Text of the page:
skip to content

Centre for Intellectual Property and Information Law

Thursday, 6 July 2017

On June 22, Dr Jennifer Davis gave the Keynote Lecture at the conference: "Moralising Commerce in a Globalising World. Multidisciplinary Approaches to a History of Economic Conscience, 1600-1900" at the German Historical Institute London. The conference set out to ask: "How and when does (and did) awareness of one’s material stake in an aspect of global trade prompt awareness of ethical implication and/or moral-political engagement? How and when have those who benefited from business enterprises with human or environmental costs indirectly, at second hand, or as subaltern agents come to reflect on the nature of the business?"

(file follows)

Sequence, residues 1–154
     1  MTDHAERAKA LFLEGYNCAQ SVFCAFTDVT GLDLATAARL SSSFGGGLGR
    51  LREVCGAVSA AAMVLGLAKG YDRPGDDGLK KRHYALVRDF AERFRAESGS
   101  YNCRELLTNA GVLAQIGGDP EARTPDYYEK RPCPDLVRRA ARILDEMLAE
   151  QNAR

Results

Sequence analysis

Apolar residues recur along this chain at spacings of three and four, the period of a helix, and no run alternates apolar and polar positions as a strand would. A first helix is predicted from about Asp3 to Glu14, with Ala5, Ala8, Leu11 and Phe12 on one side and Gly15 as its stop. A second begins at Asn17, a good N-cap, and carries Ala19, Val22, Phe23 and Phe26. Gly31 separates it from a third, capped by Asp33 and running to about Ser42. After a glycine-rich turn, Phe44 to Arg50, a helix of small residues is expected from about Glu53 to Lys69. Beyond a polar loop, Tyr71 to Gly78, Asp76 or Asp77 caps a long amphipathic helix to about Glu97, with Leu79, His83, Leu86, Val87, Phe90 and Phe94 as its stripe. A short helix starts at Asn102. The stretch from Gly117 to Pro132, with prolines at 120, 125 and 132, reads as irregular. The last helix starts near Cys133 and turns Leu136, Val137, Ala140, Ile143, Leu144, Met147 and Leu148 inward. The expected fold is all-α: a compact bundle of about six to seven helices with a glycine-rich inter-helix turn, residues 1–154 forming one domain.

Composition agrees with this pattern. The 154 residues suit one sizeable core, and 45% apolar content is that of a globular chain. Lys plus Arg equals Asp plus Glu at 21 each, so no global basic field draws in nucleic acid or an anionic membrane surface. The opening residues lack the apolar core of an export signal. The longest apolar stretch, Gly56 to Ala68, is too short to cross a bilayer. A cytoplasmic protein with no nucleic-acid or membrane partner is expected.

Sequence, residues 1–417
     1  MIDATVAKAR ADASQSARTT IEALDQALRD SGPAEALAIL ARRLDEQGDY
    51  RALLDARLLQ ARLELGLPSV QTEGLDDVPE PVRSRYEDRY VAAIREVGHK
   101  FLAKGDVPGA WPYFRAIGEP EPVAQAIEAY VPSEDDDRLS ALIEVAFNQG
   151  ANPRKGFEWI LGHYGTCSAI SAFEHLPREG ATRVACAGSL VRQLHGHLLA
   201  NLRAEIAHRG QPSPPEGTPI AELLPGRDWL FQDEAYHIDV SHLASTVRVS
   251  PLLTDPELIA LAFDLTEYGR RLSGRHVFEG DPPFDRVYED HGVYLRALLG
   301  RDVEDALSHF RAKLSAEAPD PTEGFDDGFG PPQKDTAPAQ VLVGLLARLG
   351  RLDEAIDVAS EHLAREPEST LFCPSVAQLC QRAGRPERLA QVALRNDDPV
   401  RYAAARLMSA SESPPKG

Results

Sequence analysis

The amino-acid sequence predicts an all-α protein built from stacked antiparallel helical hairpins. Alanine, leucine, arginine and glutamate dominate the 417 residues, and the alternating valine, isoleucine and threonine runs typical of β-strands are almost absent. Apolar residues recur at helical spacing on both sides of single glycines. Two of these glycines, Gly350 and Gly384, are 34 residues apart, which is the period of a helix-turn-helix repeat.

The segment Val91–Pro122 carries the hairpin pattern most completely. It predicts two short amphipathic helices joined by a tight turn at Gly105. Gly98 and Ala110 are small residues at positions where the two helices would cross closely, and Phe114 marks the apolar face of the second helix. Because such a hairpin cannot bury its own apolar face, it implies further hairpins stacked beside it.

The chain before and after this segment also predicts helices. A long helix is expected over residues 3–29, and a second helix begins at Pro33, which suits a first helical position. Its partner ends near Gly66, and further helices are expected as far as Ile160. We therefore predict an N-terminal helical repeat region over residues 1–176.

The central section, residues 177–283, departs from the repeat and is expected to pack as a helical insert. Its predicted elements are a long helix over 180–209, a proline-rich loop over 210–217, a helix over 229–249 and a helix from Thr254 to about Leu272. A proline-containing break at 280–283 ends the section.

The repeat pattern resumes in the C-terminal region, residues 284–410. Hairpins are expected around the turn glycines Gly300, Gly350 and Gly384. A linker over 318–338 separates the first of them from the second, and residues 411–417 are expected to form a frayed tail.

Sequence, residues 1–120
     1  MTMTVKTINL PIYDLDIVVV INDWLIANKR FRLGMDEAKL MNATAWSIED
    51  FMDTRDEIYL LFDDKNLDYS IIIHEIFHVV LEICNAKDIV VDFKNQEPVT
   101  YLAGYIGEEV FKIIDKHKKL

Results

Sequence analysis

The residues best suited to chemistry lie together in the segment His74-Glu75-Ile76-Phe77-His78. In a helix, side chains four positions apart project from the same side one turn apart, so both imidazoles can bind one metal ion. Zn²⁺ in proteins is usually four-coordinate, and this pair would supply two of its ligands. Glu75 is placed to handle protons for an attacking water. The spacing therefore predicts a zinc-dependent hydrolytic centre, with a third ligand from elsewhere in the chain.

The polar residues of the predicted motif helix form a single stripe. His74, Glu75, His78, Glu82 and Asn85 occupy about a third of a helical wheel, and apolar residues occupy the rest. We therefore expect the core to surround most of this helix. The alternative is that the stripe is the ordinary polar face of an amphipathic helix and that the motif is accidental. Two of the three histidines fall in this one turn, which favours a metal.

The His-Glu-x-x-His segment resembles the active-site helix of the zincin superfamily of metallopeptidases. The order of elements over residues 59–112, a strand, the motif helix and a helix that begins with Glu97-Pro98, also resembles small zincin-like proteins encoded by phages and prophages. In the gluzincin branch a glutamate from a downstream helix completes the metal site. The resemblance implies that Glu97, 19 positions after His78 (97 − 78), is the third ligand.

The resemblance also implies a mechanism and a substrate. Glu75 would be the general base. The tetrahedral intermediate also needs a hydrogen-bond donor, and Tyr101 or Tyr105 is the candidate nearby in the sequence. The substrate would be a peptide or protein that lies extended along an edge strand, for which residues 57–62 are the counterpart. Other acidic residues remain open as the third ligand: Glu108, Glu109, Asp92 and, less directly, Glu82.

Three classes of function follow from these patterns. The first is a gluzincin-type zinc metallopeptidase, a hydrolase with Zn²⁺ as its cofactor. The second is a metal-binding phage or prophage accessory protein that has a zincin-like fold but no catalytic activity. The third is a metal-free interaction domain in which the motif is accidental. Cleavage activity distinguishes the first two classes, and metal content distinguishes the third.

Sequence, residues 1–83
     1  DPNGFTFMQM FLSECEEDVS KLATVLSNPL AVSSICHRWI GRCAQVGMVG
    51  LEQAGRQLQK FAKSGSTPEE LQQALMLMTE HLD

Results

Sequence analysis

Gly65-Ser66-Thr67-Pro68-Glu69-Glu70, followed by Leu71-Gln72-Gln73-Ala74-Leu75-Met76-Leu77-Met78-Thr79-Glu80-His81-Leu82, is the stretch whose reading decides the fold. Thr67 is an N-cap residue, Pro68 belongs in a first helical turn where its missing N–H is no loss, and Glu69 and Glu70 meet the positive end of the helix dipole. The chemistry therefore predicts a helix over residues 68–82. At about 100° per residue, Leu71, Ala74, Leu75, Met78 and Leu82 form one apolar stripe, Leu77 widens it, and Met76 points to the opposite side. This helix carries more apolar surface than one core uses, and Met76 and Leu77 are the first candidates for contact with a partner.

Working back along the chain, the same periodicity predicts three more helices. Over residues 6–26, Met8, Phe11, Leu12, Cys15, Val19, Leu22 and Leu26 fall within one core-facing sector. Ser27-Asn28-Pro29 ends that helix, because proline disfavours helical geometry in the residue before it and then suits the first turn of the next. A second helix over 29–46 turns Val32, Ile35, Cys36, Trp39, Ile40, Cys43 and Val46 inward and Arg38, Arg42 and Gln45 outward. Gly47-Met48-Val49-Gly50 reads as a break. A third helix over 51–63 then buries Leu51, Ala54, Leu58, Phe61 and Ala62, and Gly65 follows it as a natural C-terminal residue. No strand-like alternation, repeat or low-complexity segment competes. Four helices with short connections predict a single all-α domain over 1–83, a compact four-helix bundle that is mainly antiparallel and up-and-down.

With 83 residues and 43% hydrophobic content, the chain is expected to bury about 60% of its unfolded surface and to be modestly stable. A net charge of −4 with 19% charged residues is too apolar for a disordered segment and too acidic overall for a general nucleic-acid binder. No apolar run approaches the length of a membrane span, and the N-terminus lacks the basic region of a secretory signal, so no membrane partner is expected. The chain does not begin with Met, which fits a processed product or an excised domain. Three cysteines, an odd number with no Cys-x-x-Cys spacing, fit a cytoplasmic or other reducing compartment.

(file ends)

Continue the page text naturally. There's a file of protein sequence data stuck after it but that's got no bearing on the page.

Jennifer's talk was entitled: "Trade (mark) Wars, 1860-1920: Sweatshops, the Retail Trade and the Meaning of Trade Marks in Britain".  It noted that a registered trade mark acts an indication of origin for goods but tells us nothing specific about the circumstances under which the goods originated. The lecture described changes in production and consumption during this period and showed how as a result representatives of labour saw their position in the workplace undermined, not least by this narrow definition of a trade mark and how they sought to resist through political lobbying, boycotts and the use of the trade union label.